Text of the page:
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Out-of-fashion cabernet still has a place in the cellar

| Wine and liquor

Until recently there was pretty much general consensus that the Cape’s best chance at a world-class red wine would be cabernet-based.

Up to the 1980s, cabernet sauvignon was the country’s only real so-called noble cultivar. There were small plantings of shiraz, but almost all of the vineyards were badly virused and the wines emerged leathery, rather bright-fruited or peppery. Cabernet, on the other hand, while no less virused, managed to produce much purer wine.

SA’s first modern merlot vineyards came into production at the end of the 1970s and the variety was expected to perform the same role in our wine as it did in Bordeaux.

Meerlust Merlot and Meerlust Rubicon swiftly became the Cape’s most sought-after red wines. Other properties launched ultra-premium blends, initially with a merlot addition to their cabernet sauvignon, but later with some — or all — of other Bordeaux varieties.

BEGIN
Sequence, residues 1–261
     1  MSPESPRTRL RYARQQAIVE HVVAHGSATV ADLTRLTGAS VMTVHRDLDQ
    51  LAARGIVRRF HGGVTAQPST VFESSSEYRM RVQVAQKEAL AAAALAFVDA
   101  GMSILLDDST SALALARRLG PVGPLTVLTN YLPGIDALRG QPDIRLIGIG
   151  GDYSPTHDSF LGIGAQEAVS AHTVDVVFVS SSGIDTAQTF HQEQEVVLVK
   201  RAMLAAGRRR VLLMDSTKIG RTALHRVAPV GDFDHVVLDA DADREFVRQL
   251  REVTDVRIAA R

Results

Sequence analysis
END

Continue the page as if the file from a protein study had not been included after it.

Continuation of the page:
Whereas the top wine from Kanonkop, for example, had been a cabernet sauvignon, in time the estate’s highest-priced red was the Paul Sauer proprietary blend.

Within a decade, as plantings of cabernet franc and petit verdot (and more recently malbec) came on stream, the Cape’s Bordeaux blends came to ape their Medoc models even more completely.

But then a funny thing happened: with the end of SA’s political isolation we discovered that our much-vaunted cabernets were not as much admired in export markets as they were at home.

Critics berated them for being too herbal, not plush and rich as Californian or Australian examples, nor as overtly intense as the finest Bordeaux reds. Very few achieved significant export volumes at decent prices.

At the same time the domestic market was discovering alternatives: availability of pinot noir increased and the quality producers of the great Burgundian cultivar conspired to keep prices high enough to imbue the variety with cachet in its own right.

Then, as the Swartland became fashionable, red Rhone cultivars — shiraz, grenache, and mourvedre — attracted a following.

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